CJR noticed. The first hint is in the lede of one of the services which did mention the report, if merely in passing:
Bloomberg gives it a little run. (Chittum wonders:) "Tell me if this is worth a story, from the wire service’s lede:Oh, NOZE! You see the problem, right: Elites simply do NOT get run off from their sinecures. That's just impossible. Doesn't happen. They're the OWNERS. You don't just fire the OWNERS!A congressional panel overseeing the U.S. financial rescue suggested that getting rid of top executives and liquidating problem banks may be a better way to solve the economic crisis.
Here's the whole CJR note, by Ryan Chittum:
Yes it does, Ryan. A MUCH wider airing. They're running off with fucking TRILLIONS of dollarz, absent much if any actual, practical oversight. It smacks--smacks, hell; it fucking REEKS--of the biggest fucking rip-off of all time, and one person, with no actual power, is politely saying, "Look, there's a pack of thieves in charge of distributing all that money, and nobody gives a shit!"
The Press Buries the TARP Overseer’s Report
The press has given short shrift to an important report by the Congressional Oversight Panel on the government’s bailout efforts.
I can’t quite figure out why. It’s got the requisite elements for a well-played story: news, credibility, conflict, broad interest—and it pushes for transparency, something that should be of deep interest to the media. But the Washington Post ran a brief wire story online only, the Journal gave its wire story 220 words, and the NYT didn’t bother. It got little pickup in other papers, either.
Bloomberg (ibid) gives it a little run. Tell me if this is worth a story, from the wire service’s lede:A congressional panel overseeing the U.S. financial rescue suggested that getting rid of top executives and liquidating problem banks may be a better way to solve the economic crisis.Sounds juicy to me! Further:The Congressional Oversight Panel, in a report released yesterday, also said the Treasury may be relying on too rosy an economic scenario to guide its $700 billion bailout, and declared that the success of the program after six months is “mixed.”The panel’s chief, Harvard Law prof Elizabeth Warren, is pushing Treasury to give more information to the public on what it’s doing with our money:Warren, in an interview on Bloomberg Television, said yesterday that while “things may be getting a little better” under Geithner, the Treasury still needs to be more transparent about how it is spending the taxpayers’ money.Yeah, we do.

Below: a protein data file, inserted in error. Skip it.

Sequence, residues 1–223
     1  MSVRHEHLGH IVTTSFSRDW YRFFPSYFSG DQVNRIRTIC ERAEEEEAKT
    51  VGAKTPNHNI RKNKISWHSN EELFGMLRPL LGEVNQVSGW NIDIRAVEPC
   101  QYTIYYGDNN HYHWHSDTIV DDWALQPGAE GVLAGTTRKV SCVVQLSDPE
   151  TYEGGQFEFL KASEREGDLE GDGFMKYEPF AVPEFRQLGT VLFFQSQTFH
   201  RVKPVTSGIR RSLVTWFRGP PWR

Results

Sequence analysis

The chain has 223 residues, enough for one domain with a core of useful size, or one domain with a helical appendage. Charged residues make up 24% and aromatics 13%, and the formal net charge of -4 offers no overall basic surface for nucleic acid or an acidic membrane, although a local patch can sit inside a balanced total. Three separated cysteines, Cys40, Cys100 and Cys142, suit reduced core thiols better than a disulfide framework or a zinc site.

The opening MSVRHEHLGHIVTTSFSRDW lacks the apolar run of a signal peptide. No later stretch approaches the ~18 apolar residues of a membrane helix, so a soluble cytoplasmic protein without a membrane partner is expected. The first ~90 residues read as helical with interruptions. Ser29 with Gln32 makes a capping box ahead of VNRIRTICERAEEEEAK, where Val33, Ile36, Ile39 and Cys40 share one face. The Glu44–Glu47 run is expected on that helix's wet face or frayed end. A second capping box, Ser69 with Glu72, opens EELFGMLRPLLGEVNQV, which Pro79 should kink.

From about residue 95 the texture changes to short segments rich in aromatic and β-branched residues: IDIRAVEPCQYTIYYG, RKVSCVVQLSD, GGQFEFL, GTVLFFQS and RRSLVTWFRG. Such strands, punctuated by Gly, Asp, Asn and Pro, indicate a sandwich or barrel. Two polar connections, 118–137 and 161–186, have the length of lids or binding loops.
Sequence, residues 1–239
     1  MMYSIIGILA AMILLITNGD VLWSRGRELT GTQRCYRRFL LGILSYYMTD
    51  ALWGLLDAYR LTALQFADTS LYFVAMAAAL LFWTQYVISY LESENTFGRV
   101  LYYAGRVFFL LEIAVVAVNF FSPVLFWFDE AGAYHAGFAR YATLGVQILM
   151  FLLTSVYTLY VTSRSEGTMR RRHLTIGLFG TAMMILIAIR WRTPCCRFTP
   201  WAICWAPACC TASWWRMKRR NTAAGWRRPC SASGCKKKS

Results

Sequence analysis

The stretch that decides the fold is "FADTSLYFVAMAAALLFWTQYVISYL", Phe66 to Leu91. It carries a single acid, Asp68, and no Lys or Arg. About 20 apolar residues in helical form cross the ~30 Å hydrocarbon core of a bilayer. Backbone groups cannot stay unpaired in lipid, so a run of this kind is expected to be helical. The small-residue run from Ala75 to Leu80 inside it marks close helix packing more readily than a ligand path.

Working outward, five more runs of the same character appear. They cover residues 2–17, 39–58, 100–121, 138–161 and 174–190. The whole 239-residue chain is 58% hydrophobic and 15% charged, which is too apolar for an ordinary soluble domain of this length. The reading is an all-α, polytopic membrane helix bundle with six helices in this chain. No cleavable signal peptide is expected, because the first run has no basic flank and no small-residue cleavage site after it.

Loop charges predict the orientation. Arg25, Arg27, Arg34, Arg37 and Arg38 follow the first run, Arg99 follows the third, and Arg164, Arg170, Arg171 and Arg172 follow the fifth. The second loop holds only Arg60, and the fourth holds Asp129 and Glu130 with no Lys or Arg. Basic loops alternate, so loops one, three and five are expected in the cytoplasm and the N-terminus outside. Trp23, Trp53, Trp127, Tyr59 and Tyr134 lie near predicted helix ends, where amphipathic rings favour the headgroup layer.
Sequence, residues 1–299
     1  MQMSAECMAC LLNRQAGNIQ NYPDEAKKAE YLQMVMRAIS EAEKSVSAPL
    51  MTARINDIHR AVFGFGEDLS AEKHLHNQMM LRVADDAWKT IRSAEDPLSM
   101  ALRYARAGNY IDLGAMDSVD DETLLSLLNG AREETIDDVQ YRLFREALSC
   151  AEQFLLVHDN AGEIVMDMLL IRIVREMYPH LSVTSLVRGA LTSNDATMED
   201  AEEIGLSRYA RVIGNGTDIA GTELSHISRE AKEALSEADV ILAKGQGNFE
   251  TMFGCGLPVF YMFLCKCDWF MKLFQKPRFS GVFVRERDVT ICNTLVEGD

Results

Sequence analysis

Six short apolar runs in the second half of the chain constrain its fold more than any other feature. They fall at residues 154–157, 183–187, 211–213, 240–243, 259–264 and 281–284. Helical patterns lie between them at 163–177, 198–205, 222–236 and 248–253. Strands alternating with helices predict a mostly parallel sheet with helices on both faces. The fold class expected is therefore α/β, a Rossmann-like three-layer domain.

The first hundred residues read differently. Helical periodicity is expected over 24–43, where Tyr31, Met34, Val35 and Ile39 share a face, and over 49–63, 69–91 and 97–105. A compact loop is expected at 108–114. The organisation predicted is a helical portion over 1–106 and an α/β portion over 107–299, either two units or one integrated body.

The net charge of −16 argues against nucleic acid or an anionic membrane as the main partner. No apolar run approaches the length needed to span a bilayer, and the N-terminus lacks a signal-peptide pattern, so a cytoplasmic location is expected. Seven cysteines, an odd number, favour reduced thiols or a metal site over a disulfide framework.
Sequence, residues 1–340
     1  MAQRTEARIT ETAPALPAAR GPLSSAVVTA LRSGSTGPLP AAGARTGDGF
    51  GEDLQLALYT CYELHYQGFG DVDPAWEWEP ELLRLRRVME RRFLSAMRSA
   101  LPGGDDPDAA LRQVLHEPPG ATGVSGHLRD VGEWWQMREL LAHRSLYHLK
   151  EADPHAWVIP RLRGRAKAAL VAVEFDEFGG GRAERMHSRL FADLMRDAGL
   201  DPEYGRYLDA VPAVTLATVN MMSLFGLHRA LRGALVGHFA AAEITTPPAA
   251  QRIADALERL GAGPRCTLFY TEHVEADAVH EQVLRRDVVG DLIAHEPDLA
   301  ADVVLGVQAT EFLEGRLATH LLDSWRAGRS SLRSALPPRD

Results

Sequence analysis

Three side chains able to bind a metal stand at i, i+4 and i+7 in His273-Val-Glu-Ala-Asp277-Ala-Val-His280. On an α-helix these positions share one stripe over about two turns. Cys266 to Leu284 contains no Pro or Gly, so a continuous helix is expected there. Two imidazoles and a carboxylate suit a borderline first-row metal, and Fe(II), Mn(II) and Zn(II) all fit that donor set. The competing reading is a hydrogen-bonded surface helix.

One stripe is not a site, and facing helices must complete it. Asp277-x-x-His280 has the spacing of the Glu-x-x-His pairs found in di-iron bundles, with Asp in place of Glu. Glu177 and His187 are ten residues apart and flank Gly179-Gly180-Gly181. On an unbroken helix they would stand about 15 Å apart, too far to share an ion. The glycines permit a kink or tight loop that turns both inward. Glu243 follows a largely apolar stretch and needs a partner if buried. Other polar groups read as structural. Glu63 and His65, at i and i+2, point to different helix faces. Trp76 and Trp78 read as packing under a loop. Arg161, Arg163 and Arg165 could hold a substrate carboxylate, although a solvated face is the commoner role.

“We still have a long way to go, a very long way,” she said.Still, it said a bank liquidation would be “least likely to sap the patience of taxpayers” and “provides clarity relatively quickly” to the markets.Reuters points out that the panel looks at the core issue of what these toxic assets are really worth and finds that Treasury may have the wrong idea.
“Allowing institutions to fail in a structured manner supervised by appropriate regulators offers a clearer exit strategy than allowing those institutions to drift into government control piecemeal,” the report said.But if the rock-bottom prices of toxic assets today reflect a fundamental, lasting shift in values, the picture changes.Some on the panel disagreed with the findings, but that’s going to happen on any bipartisan panel.
“It is possible that Treasury’s approach fails to acknowledge the depth of the current downturn and the degree to which the low valuation of troubled assets accurately reflects their worth,” the panel’s report said.
And the American press was scooped on this by the British Observer over the weekend, and the press doesn’t like that.
Get over it.
This is a non-administration official source of information raising important and controversial points on what’s going on with hundreds of billions of dollars in taxpayer funds—not to mention the economy.
That deserves a wider airing.
But it won't get one, because as I replied in the Comments:
THIS IS NOT GETTING THE COVERAGE IT DESERVES FOR ONE REASON: The *SCUM* are the agents of the corporate state which has already determined the appropriate narrative for this 'crisis,' and firing wealthy elites from their sinecures is not part of that narrative. It does not include reporting on "news" which does NOT support that narrative, especially when the source of that 'news' has already been labeled a "non-Serious" person by the elites who are being criticized.Key phrase in Chittum's report is: "This is a non-administration official source of information," and everybody knows nobody outside any administration is a trustworthy source for the best stenographic results. Outsiders just don't know the RULEZ, and are likely to criticize the OWNERS.
(*SCUM* = "SoCalledUnbiasedMedia", i.e., the CorpoRat Press)
Posted by Woody on Thu 9 Apr 2009 at 11:22 AM